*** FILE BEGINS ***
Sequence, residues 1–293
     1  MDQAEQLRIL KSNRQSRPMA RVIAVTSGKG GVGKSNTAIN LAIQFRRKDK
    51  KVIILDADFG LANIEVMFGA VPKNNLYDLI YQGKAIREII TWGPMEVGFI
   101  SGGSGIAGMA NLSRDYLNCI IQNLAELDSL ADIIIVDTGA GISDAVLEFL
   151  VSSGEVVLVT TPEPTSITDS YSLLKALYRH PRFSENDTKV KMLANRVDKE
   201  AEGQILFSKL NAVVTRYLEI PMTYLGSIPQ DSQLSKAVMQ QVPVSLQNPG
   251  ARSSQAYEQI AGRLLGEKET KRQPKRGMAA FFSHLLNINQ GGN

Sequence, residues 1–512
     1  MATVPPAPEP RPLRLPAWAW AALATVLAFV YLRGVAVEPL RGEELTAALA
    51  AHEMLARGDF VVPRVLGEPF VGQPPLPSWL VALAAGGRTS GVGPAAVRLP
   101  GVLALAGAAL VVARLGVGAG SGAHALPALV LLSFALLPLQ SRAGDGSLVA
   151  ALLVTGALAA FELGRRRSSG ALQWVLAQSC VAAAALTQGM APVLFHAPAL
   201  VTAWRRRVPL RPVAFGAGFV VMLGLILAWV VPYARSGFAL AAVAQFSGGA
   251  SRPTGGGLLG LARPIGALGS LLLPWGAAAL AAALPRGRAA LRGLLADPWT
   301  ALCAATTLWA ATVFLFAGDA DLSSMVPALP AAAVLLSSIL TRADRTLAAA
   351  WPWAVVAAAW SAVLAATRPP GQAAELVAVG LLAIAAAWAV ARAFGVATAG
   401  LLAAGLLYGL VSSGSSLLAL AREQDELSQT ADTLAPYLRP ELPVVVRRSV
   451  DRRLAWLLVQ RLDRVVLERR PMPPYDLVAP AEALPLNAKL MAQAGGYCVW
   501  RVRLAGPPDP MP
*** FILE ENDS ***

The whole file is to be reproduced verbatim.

Sequence, residues 1–293
     1  MDQAEQLRIL KSNRQSRPMA RVIAVTSGKG GVGKSNTAIN LAIQFRRKDK
    51  KVIILDADFG LANIEVMFGA VPKNNLYDLI YQGKAIREII TWGPMEVGFI
   101  SGGSGIAGMA NLSRDYLNCI IQNLAELDSL ADIIIVDTGA GISDAVLEFL
   151  VSSGEVVLVT TPEPTSITDS YSLLKALYRH PRFSENDTKV KMLANRVDKE
   201  AEGQILFSKL NAVVTRYLEI PMTYLGSIPQ DSQLSKAVMQ QVPVSLQNPG
   251  ARSSQAYEQI AGRLLGEKET KRQPKRGMAA FFSHLLNINQ GGN

Sequence, residues 1–512
     1  MATVPPAPEP RPLRLPAWAW AALATVLAFV YLRGVAVEPL RGEELTAALA
    51  AHEMLARGDF VVPRVLGEPF VGQPPLPSWL VALAAGGRTS GVGPAAVRLP
   101  GVLALAGAAL VVARLGVGAG SGAHALPALV LLSFALLPLQ SRAGDGSLVA
   151  ALLVTGALAA FELGRRRSSG ALQWVLAQSC VAAAALTQGM APVLFHAPAL
   201  VTAWRRRVPL RPVAFGAGFV VMLGLILAWV VPYARSGFAL AAVAQFSGGA
   251  SRPTGGGLLG LARPIGALGS LLLPWGAAAL AAALPRGRAA LRGLLADPWT
   301  ALCAATTLWA ATVFLFAGDA DLSSMVPALP AAAVLLSSIL TRADRTLAAA
   351  WPWAVVAAAW SAVLAATRPP GQAAELVAVG LLAIAAAWAV ARAFGVATAG
   401  LLAAGLLYGL VSSGSSLLAL AREQDELSQT ADTLAPYLRP ELPVVVRRSV
   451  DRRLAWLLVQ RLDRVVLERR PMPPYDLVAP AEALPLNAKL MAQAGGYCVW
   501  RVRLAGPPDP MP